The details are still to be worked out about how long a training would look like and who would take part, ideally all First Nations in B.C. for a start Peters said. With the outbreak of the coronavirus pandemic, meetings which started in December are on pause for the time being. But Peters said she’s ready to get the planning going again this summer.

“I’m doing this in Shawnee’s name because I don’t want her death to be in vain. Something good has got to come out of it,” she said.



emelie.peacock@hopestandard.com

Like us on Facebook and follow us on Twitter

First NationshopeMMIWG

Get local stories you won't find anywhere else right to your inbox.
Sign up here

 

Linda Kay Peters at her home in Hope, wearing red on the National Day of Awareness for Missing and Murdered Indigenous Women and Girls. Emelie Peacock/Hope Standard

First Nations fishermen from local communities assisted the family in searching for Shawnee Inyallie Sept. 16, 2018. Submitted photo

Shawnee Morita Inyallie’s body was found Nov. 4 after nearly four months missing from Hope, B.C. Submitted photo

Linda Kay Peters at her home in Hope, wearing red on the National Day of Awareness for Missing and Murdered Indigenous Women and Girls. Emelie Peacock/Hope Standard

Just Posted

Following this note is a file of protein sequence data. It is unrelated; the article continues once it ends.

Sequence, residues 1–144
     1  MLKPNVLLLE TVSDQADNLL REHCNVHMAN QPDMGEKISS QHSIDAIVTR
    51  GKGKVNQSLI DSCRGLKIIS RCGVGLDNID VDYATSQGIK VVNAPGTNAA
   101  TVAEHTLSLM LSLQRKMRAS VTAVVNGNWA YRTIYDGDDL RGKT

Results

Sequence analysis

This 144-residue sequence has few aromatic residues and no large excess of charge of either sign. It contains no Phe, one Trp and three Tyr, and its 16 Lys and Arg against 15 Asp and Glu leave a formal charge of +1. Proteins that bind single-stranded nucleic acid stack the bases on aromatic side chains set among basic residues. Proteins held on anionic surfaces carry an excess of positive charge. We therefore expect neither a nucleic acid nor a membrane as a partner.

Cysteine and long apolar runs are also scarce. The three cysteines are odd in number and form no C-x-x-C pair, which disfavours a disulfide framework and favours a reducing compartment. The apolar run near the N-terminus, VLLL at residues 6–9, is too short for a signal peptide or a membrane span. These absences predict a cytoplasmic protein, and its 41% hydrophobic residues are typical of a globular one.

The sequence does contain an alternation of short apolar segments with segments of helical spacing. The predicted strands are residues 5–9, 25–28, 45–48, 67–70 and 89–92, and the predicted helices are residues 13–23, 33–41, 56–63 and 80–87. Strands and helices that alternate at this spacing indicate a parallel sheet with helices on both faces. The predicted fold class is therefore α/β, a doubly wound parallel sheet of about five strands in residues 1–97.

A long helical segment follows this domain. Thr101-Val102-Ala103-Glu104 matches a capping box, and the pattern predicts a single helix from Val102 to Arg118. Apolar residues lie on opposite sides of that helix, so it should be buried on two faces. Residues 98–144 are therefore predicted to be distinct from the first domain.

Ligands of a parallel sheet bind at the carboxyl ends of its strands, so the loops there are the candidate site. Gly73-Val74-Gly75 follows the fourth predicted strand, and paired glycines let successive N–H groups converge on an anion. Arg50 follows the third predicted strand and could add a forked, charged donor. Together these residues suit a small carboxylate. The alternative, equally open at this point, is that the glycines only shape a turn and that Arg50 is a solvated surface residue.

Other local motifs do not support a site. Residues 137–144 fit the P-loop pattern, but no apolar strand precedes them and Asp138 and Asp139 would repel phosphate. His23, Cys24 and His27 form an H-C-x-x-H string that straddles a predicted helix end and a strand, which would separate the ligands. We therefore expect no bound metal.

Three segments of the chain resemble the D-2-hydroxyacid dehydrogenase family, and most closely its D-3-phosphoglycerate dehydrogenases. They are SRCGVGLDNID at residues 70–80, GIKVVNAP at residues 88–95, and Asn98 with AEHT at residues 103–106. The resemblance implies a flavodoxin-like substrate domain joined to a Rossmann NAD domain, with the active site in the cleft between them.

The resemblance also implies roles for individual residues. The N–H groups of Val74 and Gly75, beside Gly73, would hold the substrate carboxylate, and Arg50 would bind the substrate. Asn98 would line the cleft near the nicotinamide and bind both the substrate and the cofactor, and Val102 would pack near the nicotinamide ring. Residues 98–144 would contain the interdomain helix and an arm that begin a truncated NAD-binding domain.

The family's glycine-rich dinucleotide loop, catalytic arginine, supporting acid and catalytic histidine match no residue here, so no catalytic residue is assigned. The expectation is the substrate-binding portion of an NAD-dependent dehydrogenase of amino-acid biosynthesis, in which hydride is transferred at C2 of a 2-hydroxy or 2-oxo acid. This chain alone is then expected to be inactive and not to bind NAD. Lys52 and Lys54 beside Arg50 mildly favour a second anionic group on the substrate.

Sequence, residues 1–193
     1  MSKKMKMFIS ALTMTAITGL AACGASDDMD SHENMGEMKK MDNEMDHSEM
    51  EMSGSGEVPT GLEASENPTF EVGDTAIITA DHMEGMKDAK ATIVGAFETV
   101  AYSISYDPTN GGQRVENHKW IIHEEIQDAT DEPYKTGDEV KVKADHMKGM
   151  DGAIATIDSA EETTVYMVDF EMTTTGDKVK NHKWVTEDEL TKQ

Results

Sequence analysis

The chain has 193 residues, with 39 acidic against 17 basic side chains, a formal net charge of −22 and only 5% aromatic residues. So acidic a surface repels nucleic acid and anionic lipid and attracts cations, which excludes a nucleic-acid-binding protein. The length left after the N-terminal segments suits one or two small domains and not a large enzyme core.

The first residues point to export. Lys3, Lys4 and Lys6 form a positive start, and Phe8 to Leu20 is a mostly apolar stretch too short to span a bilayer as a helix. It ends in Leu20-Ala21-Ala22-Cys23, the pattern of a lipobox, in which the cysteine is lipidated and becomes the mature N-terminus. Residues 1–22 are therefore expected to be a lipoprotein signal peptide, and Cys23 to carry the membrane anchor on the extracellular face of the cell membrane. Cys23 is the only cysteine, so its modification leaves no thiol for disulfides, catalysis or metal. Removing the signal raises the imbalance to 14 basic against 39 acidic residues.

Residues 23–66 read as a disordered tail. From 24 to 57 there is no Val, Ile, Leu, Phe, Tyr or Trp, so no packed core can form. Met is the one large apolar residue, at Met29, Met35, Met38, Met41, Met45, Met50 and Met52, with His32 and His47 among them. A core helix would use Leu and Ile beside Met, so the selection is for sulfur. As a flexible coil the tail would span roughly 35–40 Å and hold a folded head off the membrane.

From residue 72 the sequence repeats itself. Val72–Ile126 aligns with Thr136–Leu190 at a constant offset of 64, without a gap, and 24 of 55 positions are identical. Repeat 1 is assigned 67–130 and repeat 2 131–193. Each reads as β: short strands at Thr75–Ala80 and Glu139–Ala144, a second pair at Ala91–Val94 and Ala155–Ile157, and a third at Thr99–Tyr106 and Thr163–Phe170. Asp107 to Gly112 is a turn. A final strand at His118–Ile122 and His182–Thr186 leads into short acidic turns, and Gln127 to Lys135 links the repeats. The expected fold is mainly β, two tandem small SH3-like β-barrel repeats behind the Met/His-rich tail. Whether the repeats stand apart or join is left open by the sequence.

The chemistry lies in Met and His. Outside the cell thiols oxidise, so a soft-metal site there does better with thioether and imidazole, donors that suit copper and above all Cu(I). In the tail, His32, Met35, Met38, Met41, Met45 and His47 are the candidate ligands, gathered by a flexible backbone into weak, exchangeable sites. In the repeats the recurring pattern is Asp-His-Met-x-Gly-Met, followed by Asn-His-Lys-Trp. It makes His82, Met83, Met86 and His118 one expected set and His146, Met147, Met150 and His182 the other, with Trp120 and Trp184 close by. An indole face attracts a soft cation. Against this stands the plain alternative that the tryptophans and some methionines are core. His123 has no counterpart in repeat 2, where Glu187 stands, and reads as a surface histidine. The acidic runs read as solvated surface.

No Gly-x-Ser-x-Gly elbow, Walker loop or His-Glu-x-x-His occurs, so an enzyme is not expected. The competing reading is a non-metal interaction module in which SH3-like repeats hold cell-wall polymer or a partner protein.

A second wave of COVID-19 is probable, if history tells us anything

B.C.’s top doctor says that what health officials have learned this round will guide response in future

Council talks trash: New garbage bylaw in the works

Draft bylaw to be voted on at Monday, May 25 council meeting

UPDATE: Police oversight agency investigating after shots fired Saturday night in Chilliwack neighbourhood

RCMP reported a ‘distraught male’ fired at police officers on Christina Drive – IIO is on scene Sunday

Prospera Credit Union, Westminster Savings lay off over 100 staff following historic merge

2020 merger was largest credit-union merger in Canadian history

‘Service beyond the classroom’: Gerry Palmer wins UFV award

Palmer has been involved with UFV for more than 30 years, starting as an instructor

LIVE: Procession to honour Snowbirds Capt. Jennifer Casey comes to Halifax

Snowbirds service member died in a crash in Kamloops one week ago

RCMP facing ‘systemic sustainability challenges’ due to provincial policing role

Provinces, territories and municipalities pay anywhere from 70 to 90 per cent of the cost of the RCMP’s services

‘Not a joke’: Promoter wants to rocket-launch man the length of White Rock pier

Brooke Colby says he’s building an eight-foot rocket in his backyard

RCMP confirm man dead in Chilliwack shooting incident

The Independent Investigations Office of B.C. is investigating the RCMP’s role in the death

B.C. employers worry about safety, cash flow, second wave in COVID-19 restart

A survey found 75 per cent of businesses worry about attracting customers

Ex-BC Greens leader Andrew Weaver says province came close to early election

Disagreement centred on the LNG Canada project in northern B.C.

Canada’s NHL teams offer options to season-ticket holders

Canadian teams are offering refunds, but also are pushing a number of incentives to let them keep the money

Boy, 2, left with ‘soft tissue injuries’ after being hit by car in Squamish intersection

Boy was release from hospital, police continue to investigate

B.C. premier says lessons to learn from past racism during response to pandemic

B.C. formally apologized in the legislature chamber in 2008 for its role in the Komagata Maru tragedy

Most Read